Executive Q&A: Vern Davenport
With technology becoming more important in the medical transcription industry, MedQuist Holdings recently tapped Vern Davenport as chairman and chief executive officer. Davenport’s expertise is linked hand-in-glove with his 28 years in the health information technology field.
Franklin-based MedQuist took a big step earlier this month by saying it would acquire M*Modal of Pittsburgh for its speech-recognition technology. The idea is to help doctors and other health-care providers convert the spoken word into meaningful clinical information as patients receive care.
Industry analyst John Bright of Avondale Partners in Nashville said recently he sees top companies like MedQuist beefing up their technology offerings to control costs in the medical information sector. “If you can do it through technology versus manually, you can recognize significant cost savings,” Bright pointed out.
Davenport, 53, sees opportunities to leverage M*Modal’s innovative speech-recognition work to make MedQuist an even stronger industry player. He is also currently overseeing a rebranding as well, which could lead to a new name and corporate identity for his company.
Davenport spoke with Tennessean reporter Getahn Ward about changes in the medical transcription industry and MedQuist’s plans to capitalize on the national push to adopt electronic health records. Davenport also sees a continued trend toward using offshore labor in his industry, particularly in India, where MedQuist has a large operation.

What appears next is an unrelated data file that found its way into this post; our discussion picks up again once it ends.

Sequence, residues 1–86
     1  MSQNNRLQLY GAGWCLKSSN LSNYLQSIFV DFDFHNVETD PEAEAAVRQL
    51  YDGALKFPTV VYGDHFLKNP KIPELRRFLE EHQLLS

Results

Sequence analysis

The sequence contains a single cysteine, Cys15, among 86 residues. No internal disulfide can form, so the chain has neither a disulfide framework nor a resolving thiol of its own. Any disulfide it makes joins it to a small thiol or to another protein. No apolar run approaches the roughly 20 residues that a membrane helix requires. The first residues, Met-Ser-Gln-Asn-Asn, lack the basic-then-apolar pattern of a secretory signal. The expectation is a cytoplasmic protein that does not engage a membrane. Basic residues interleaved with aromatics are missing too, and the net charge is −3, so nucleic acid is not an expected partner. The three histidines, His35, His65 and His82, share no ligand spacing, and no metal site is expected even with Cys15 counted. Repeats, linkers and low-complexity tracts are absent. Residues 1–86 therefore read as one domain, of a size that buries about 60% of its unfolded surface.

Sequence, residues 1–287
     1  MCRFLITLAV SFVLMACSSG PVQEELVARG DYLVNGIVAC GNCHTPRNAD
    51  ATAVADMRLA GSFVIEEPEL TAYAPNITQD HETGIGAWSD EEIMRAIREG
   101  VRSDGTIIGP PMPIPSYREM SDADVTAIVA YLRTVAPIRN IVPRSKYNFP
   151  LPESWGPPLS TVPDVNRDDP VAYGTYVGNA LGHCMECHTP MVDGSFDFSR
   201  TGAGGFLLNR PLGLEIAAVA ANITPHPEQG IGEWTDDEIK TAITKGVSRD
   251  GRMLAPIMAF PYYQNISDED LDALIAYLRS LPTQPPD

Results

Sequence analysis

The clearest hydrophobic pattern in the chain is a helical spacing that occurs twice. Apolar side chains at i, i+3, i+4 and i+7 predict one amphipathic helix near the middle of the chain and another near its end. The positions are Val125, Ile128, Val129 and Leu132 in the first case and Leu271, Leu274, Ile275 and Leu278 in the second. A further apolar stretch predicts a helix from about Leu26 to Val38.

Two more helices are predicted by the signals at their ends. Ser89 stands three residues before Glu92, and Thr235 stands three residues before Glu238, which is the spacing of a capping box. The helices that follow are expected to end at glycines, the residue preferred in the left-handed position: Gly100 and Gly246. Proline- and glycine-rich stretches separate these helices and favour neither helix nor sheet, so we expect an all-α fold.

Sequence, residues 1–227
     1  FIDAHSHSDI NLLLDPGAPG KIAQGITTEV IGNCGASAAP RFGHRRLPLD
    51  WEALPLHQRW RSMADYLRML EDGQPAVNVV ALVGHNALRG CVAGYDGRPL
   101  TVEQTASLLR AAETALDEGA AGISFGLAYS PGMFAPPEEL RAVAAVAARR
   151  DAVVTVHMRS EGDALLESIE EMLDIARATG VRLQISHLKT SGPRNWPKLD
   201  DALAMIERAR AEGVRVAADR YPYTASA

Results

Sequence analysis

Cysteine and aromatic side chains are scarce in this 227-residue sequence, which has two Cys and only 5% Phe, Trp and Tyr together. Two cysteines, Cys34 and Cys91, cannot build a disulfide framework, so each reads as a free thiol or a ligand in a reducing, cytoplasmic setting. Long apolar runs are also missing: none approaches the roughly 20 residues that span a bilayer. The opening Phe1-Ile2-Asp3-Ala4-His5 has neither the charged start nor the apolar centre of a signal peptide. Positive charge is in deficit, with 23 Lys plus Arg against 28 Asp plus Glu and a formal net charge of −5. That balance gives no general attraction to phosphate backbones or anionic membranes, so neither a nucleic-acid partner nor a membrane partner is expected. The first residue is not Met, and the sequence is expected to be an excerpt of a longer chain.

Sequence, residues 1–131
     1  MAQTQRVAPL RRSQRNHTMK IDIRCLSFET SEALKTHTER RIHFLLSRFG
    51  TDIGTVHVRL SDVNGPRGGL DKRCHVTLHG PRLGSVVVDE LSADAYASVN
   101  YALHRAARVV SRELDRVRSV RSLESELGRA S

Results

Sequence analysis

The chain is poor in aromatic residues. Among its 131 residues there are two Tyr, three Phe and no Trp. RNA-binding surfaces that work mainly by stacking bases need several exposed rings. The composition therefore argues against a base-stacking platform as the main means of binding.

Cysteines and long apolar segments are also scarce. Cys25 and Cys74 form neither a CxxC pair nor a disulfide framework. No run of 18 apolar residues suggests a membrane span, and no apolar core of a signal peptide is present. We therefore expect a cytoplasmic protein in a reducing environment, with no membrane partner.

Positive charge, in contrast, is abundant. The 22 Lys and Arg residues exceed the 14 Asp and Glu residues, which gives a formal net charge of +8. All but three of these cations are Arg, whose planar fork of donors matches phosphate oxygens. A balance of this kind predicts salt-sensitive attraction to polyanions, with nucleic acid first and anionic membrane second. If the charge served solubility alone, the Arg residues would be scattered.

How did you get into health-care IT?
After MBA school, I went to work for IBM, and as a result of the territory I (worked), I had some early success as a salesman with IBM (customers) in health care. It just created a personal affinity to the industry.
What do MedQuist’s pending acquisition of M*Modal and a few other deals say about your industry?
There’s a transcription marketplace that is maturing and will go through consolidation, and we certainly will continue to be a participant in that. There’s also a dimension of enhancing that service relationship with technology to aid productivity, physician adoption and things of that nature. That’s what the M*Modal merger is all about. It takes a base of customers, which is what MedQuist has, and technology and innovation for which M*Modal is known, and it leverages both of those assets (in ways) … to really help address quality and costs.
How much was the planned M*Modal acquisition a factor in your recruitment to come here?
If you look at my career, I’ve had the opportunity to take similar situations, which were market-share leaders in maturing marketplaces and shift them to the next growth opportunity. I did that with a company called Misys that merged with a company called Allscripts that has created the (current) market leader in clinical information sytems. I see a similar opportunity here for the MedQuist customer base – strong relationships, trusted relationships, adding now a significant technology component to that and shifting our value as a company more upstream to delivery systems and to physicians in the area of clinical information, clinical knowledge. So, the idea here is to make an impact on an industry that absolutely needs to accelerate its adoption of technology, enhance physicians’ productivity … and give physicians the best information possible to make decisions.